As we start a new year, so much of the news about the tourism industry is about its growth. Bookings for 2016 are expected to grow and ABTA recently announced that the number of overseas holidays booked in 2016 is up 10% year on year. Meanwhile, this year the cruise sector will introduce 27 new ships. In fact, despite occasional shocks, tourism has shown virtually uninterrupted growth over the past 6 decades, it’s now one of the fastest growing economic sectors in the world. By 2020, the UNWTO (United Nations World Tourism Organisation) predicts that a staggering 1.36 billion tourists will be travelling abroad and that by 2030 tourist numbers will be double what they were in 2010.
This is undoubtedly good news for the industry and more tourists means economic advantages and opportunities, including tax revenues and jobs, for countries receiving visitors too. But with all this growth, how can the industry protect the quality of the customer experience, which thanks to the rise of peer to peer websites empowering us all to share our experiences with each other, has never been more vital to a company’s reputation?
The elements that go into a good holiday include a warm welcome from local people, a clean, beautiful environment, a feeling of relaxation and of being safe and secure. Holidaymakers also increasingly value the knowledge that their visit is benefitting the destination in some shape or form.
Looked at another way, all these elements for a good holiday are also what also goes into making a sustainable destination. In short, a great place to live, work and visit.
As tourism continues to grow, getting these elements right becomes ever more challenging as it involves the whole gamut of organisations that have a stake in the holiday product – including destination authorities, tour operators, hotels, excursion providers and more. The Travel Foundation was created to work with all these parties, bringing them together to support a shared vision for better destinations and in turn better holiday experiences. We do this by increasing access to market for local people, supporting destinations to share their local heritage, food and culture and developing ways for tourism to fund conservation and protect biodiversity.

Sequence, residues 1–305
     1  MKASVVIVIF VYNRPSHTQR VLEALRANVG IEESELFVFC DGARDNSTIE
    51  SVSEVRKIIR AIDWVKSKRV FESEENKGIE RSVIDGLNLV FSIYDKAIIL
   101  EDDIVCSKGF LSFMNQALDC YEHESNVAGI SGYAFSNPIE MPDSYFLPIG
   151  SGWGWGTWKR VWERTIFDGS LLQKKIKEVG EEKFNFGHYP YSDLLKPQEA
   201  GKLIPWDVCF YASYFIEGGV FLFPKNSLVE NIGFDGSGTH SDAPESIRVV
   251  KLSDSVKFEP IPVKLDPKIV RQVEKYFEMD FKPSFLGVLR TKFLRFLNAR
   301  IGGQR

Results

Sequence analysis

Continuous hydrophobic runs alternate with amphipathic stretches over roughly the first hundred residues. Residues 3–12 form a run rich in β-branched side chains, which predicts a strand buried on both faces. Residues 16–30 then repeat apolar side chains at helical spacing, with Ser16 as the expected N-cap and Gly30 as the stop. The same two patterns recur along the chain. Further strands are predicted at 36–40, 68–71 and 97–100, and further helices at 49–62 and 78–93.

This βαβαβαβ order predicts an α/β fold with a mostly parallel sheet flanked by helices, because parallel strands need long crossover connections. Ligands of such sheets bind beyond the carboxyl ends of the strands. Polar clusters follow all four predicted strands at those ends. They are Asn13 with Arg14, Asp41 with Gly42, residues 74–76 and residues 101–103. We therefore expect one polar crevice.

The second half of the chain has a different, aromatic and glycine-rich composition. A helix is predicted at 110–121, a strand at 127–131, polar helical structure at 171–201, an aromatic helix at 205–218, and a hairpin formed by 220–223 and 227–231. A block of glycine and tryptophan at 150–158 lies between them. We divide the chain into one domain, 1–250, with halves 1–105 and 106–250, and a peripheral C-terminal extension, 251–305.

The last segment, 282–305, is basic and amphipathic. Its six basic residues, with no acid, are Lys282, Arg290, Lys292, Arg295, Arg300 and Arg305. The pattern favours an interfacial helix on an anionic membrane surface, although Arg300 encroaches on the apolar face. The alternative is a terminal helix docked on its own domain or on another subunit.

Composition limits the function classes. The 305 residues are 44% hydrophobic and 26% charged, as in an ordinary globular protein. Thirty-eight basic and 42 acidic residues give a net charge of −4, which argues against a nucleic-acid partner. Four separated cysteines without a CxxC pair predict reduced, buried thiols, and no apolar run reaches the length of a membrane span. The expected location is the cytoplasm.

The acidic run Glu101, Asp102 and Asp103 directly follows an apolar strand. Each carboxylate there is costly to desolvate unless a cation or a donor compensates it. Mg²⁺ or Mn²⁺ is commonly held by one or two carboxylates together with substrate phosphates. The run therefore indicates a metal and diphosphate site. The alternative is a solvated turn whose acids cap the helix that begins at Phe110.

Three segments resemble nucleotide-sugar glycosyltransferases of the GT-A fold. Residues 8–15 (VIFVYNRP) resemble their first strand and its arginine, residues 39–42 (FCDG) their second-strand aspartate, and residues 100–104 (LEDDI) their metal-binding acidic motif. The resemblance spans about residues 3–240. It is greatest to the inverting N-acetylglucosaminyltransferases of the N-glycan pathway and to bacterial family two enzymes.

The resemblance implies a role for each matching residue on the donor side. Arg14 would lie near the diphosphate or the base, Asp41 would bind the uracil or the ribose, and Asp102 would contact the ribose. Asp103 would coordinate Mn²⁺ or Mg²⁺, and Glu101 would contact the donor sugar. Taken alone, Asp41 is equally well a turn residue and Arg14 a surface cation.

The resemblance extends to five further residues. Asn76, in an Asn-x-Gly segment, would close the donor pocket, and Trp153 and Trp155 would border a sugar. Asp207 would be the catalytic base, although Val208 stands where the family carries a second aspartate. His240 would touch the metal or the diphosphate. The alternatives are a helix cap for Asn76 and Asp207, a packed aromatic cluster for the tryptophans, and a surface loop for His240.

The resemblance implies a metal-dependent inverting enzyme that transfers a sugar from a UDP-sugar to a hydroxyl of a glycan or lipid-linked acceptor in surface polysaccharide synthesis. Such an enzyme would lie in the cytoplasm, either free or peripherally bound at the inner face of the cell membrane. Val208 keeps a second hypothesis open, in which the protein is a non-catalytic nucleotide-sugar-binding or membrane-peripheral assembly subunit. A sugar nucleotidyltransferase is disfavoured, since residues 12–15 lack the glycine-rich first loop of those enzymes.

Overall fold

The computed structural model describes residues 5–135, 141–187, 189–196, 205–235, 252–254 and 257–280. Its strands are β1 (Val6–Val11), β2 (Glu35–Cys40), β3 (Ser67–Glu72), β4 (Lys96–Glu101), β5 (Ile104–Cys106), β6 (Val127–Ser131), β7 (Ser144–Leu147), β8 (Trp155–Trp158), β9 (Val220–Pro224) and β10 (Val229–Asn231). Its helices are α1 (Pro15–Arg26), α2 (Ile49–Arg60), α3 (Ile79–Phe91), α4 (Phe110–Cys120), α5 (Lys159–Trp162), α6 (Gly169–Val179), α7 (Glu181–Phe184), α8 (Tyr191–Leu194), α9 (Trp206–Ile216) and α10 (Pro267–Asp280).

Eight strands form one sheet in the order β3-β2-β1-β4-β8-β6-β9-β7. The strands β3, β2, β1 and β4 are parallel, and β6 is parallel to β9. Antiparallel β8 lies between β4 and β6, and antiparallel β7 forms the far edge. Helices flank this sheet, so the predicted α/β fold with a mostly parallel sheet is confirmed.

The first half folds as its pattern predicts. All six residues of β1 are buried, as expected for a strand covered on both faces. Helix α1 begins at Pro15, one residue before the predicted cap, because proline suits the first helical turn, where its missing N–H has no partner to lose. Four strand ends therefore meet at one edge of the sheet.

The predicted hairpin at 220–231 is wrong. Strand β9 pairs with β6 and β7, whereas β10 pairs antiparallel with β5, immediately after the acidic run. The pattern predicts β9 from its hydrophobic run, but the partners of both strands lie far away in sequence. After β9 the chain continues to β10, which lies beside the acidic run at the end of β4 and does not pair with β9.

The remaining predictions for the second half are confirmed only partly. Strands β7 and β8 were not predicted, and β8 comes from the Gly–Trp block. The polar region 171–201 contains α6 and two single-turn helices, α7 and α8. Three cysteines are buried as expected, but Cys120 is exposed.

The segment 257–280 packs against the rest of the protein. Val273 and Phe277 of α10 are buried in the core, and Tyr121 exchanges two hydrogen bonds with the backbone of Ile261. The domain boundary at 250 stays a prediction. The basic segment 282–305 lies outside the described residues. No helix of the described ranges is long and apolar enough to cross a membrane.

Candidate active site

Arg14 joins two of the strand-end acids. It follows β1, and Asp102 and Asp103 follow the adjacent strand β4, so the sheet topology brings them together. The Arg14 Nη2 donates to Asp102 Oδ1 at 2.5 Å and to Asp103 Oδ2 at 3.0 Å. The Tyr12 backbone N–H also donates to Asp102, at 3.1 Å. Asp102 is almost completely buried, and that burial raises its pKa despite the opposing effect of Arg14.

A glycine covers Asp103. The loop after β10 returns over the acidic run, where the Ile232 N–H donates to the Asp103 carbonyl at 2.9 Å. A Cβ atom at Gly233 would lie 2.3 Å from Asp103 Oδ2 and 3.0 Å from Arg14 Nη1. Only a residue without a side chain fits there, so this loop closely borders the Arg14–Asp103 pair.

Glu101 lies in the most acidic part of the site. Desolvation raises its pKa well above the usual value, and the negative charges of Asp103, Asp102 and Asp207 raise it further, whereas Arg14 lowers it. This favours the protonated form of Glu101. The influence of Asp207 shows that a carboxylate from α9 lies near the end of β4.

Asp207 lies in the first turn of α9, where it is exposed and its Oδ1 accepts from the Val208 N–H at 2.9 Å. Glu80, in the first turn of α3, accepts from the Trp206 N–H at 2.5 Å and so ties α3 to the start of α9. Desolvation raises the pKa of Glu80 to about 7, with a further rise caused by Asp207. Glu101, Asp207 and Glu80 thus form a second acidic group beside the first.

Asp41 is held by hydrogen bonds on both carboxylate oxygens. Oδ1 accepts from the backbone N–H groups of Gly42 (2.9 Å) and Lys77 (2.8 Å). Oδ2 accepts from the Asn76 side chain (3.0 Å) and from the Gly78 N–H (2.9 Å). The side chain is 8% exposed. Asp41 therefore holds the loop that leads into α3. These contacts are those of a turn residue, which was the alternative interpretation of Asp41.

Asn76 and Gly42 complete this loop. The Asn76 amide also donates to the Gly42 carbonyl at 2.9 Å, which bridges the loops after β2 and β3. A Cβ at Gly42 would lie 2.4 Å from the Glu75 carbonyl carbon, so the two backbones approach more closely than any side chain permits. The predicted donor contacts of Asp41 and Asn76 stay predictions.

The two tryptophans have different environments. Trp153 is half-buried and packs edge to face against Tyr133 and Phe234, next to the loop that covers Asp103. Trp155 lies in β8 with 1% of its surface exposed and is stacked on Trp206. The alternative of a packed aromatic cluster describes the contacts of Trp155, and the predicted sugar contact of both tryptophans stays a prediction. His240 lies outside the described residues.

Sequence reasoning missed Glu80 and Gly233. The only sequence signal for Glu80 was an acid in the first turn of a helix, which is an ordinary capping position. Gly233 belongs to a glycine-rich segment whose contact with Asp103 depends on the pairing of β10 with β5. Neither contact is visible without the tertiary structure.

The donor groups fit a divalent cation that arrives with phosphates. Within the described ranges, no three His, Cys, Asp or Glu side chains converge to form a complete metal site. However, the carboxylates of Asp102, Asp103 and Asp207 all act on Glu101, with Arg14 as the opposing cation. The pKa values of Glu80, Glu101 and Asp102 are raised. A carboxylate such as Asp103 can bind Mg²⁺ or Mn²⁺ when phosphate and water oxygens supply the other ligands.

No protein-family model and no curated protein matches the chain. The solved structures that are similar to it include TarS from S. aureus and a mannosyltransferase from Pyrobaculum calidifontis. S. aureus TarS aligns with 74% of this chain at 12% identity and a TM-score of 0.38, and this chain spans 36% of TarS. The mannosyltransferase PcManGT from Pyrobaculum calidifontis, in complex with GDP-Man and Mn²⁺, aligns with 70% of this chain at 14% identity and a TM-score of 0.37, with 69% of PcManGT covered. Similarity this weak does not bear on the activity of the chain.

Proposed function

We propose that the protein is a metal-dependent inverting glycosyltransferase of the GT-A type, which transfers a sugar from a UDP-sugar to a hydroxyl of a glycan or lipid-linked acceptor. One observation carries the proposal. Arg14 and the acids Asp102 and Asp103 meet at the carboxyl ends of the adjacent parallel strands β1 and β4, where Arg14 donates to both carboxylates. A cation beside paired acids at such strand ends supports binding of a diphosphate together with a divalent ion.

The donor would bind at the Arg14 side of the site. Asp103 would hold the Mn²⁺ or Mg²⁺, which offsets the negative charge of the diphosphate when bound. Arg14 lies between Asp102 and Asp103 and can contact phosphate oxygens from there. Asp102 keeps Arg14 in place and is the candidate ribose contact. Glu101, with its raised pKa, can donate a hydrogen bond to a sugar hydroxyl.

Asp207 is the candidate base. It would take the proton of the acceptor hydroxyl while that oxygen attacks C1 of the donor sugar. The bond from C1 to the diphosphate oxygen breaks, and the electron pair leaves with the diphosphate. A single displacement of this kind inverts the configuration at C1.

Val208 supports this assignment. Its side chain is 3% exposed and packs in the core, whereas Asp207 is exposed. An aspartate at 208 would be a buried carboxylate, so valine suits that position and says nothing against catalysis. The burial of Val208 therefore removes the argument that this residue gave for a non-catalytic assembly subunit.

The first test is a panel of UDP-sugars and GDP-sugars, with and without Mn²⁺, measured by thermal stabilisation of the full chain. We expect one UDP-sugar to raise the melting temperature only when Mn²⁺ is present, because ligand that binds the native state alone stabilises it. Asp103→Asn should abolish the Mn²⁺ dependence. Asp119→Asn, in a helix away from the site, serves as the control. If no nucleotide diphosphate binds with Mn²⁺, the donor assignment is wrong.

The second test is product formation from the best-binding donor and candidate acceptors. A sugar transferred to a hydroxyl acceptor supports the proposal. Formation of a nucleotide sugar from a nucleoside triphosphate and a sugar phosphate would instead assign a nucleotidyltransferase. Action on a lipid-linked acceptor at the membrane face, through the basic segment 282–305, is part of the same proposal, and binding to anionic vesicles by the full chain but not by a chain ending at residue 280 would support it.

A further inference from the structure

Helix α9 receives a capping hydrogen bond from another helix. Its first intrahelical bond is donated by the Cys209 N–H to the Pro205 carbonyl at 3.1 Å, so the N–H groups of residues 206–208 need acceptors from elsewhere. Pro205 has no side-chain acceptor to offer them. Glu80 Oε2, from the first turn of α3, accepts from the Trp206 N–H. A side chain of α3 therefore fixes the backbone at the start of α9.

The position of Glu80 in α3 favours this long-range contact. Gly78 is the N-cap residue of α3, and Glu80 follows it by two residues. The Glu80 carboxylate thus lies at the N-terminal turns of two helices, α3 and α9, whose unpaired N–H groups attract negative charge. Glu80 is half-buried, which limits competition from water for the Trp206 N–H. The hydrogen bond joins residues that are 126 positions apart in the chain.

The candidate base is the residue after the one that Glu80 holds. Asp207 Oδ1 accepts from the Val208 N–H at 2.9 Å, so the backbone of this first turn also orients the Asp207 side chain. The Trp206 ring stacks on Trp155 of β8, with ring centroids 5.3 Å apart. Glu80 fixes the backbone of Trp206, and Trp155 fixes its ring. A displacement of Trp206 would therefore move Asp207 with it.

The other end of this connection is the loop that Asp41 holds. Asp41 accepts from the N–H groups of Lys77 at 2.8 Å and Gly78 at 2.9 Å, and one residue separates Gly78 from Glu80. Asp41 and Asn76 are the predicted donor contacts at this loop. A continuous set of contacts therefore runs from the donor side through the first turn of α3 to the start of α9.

2016 ushers in the official launch of the UN’s 2030 Agenda for sustainable development and its sustainable development goals which include tourism. With the industry’s growth set to continue, it’s heartening to see this recognition of the important role sustainable tourism can play in improving people lives and protecting the environment. And it highlights a significant opportunity for the industry and destination governments to re-think how tourism works for the benefit of the destination and the holidaymaker.
Written by Georgina Davies, Communications Manager.